NE Colorado Cellular, doing business as Viaero Wireless (“Viaero”), sought to construct a telecommunications tower in the City of North Platte, Nebraska (“the City”). The North Platte City Council (“City Council”) voted to deny Viaero’s application for a permit to build the tower, finding that the tower would be inharmonious with the neighborhood in which Viaero proposed to build. Viaero filed suit against the City for violation of the Telecommunications Act of 1996 (TCA), alleging that the City Council decision was neither “in writing” nor “supported by substantial evidence.” The district court upheld the City’s decision.
The court looked at the Fourth and Eleventh Circuits in analyzing the “in writing” requirement, and found that nowhere does the statutory text require that the denial and the “written record” be separate writings. Section 332 requires only that the denial and the record both be written, and does not require that the written denial state the reasons for the denial. Even though Congress may require an agency or board to state its findings, it did not do so here. Thus, the in writing requirement was met when the City Council passed and memorialized a formal resolution. Substantial evidence was found to exist because the City Council had before it the testimony of a dozen residents that the proposed tower would be an “eyesore,” would be inappropriate for the neighborhood, and would not be harmonious with the neighborhood. In the context of a zoning decision, this is enough for a “reasonable mind” to accept as “adequate to support a conclusion” that the proposed tower would be out of place in the neighborhood.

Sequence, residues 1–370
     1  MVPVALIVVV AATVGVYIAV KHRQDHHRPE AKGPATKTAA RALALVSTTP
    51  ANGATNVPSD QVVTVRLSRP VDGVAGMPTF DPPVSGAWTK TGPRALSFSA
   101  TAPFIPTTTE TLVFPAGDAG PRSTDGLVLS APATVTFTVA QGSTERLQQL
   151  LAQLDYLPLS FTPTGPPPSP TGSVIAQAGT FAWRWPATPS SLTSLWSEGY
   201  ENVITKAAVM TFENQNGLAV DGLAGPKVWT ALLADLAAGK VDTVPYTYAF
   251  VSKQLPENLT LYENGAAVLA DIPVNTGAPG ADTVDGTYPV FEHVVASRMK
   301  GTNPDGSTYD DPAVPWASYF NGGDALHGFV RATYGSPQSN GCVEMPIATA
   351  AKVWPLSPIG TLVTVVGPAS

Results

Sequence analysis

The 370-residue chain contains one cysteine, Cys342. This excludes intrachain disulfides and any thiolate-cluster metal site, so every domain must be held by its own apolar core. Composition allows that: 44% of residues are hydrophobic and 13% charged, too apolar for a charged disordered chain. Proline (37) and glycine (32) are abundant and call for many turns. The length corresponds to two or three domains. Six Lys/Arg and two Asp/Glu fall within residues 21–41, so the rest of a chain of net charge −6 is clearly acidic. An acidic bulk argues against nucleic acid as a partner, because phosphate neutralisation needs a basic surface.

Because the City Council’s denial of a CUP to construct the proposed telecom tower was both “in writing” and “supported by substantial evidence”, the court held that the district court did not err in granting summary judgment to the City.
NE Colorado Cellular, Inc v City of North Platte, 2014 WL 4116809 (8th Cir. 8/22/2014)